Travel: Special-needs summer camps
This article published in the Denver Post’s 2016 Summer Camp section.
Special-needs camps provide welcome respite for kids and families
Camp can give kids with disabilities a week just to be kids
By Kate Jonuska
Special to The Denver Post
Every summer at Camp Wapiyapi, kids zipline through meadows against the backdrop of the Rocky Mountains. They hike and bike trails, learn to fish and shoot arrows, but most importantly, they are kids, not patients.
“We say that healing doesn’t only happen in hospitals, and that’s so true,” says Kelly Hayes, program manager at Camp Wapiyapi, a summer camp that serves pediatric cancer patients and their siblings.
“Unless they’re obviously missing some hair or are receiving treatment, we often can’t tell who is the patient and who is the sibling, and that’s the point,” she says.
“They’re not fragile flowers, and they can get outside and get to camp.”
All around Colorado, sometimes unbeknownst to so-called mainstream families, specialized camps like Wapiyapi are making kids with special needs — children with major illnesses like cancer and asthma, or developmental disabilities and sensory-integration disorders — feel normal. It’s a safe environment for those kids; Wapiyapi, for example, even has chemotherapy available on-site.
“I know recreation is therapeutic for myself, and getting the opportunity to provide that experience for more people, especially those who might not otherwise have it, is what we try to do,” says Claire DiCola, admissions director of the Breckenridge Outdoor Education Center (BOEC), where children and young adults use adaptive paddles to river raft and every camper, even those using wheelchairs, can play on the same ropes course.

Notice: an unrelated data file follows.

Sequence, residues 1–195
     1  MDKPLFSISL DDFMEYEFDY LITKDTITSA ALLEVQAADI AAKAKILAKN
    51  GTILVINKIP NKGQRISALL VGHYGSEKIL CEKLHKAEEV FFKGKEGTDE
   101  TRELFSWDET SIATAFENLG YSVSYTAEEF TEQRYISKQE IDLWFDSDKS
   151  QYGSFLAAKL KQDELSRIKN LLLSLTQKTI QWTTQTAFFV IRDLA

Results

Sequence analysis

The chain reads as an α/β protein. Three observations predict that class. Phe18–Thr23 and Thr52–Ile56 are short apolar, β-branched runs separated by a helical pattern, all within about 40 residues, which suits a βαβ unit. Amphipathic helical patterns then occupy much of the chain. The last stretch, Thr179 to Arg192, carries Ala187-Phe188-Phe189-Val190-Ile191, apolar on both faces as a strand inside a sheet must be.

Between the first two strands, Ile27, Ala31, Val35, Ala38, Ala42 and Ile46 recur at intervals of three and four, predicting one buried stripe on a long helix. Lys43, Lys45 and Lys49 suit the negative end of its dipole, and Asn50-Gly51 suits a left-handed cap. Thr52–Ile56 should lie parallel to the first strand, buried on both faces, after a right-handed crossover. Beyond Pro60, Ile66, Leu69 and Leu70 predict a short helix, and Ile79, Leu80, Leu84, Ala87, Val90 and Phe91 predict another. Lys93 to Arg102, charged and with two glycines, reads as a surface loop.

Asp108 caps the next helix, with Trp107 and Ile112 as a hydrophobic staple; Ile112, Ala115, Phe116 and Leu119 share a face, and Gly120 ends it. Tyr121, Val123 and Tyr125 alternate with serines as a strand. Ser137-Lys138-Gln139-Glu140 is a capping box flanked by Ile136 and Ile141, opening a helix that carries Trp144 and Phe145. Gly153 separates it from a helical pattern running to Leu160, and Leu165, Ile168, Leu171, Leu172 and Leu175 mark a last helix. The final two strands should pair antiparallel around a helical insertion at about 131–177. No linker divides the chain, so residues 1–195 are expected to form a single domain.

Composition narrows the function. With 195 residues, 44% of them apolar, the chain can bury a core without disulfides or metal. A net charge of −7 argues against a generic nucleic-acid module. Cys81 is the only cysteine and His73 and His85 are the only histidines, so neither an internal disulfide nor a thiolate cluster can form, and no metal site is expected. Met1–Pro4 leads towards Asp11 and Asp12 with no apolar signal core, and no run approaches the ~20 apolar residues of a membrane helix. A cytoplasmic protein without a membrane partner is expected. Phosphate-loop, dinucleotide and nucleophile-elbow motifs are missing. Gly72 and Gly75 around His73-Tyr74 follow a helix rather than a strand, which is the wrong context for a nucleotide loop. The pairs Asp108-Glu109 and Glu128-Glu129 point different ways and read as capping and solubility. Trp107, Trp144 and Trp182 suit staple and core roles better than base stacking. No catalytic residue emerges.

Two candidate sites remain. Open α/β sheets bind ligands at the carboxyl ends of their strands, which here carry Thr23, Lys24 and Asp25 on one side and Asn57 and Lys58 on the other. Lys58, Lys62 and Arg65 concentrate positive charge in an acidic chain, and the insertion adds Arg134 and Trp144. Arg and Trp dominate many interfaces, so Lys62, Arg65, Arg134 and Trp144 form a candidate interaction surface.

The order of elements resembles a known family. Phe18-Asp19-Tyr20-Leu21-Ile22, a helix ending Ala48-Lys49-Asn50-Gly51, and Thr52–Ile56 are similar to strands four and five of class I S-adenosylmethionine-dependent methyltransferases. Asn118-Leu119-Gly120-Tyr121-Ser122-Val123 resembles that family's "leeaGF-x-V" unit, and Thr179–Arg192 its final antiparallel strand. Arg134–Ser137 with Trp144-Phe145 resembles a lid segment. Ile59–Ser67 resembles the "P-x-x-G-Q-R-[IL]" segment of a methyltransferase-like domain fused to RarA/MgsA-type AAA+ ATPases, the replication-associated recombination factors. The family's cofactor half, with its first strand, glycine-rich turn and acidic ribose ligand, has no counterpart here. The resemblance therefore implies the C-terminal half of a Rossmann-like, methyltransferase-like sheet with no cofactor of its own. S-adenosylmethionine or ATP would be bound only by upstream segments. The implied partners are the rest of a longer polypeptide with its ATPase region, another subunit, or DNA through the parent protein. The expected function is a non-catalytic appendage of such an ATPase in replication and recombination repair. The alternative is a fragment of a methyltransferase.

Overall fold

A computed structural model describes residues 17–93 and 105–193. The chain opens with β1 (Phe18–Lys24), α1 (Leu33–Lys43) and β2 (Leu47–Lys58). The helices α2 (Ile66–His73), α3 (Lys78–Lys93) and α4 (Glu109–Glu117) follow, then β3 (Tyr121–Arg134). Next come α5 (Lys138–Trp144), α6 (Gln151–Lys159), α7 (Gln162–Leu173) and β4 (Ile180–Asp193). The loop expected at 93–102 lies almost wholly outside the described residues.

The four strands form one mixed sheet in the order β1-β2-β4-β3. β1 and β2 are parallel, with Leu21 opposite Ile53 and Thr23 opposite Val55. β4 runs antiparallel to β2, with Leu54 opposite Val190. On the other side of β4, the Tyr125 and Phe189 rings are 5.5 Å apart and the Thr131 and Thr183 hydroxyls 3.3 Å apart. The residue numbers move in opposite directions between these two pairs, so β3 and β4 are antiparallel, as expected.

“The thing I hear the most is, ‘I never thought I could do that,’ ” DiCola says. Especially for children who more often hear more about their limitations than their strengths, “the idea that ‘I’m capable of more in my life,’ or for parents, that ‘my child is capable of more than he or she is doing now’ — that’s powerful.”
Certainly, building independence has always been a goal of overnight summer camps, but for this population of kids and their families, one week or more of such independence each summer can be life-changing.
Ashley Seder, director of the American Lung Association’s Champ Camp for children with asthma, provides the example of a young camper who had been in the hospital with severe asthma for 72 days of the previous school year before her first camp experience.
“The next year, I called her mom to see how she was doing, and it turned out she’d been in the hospital one day that school year,” says Seder. Thanks to camp, she said, “she learned she’s not alone and learned how to manage her asthma and even became captain of the volleyball team. Now she goes to sleep overs, to her grandparents’ house, camping.”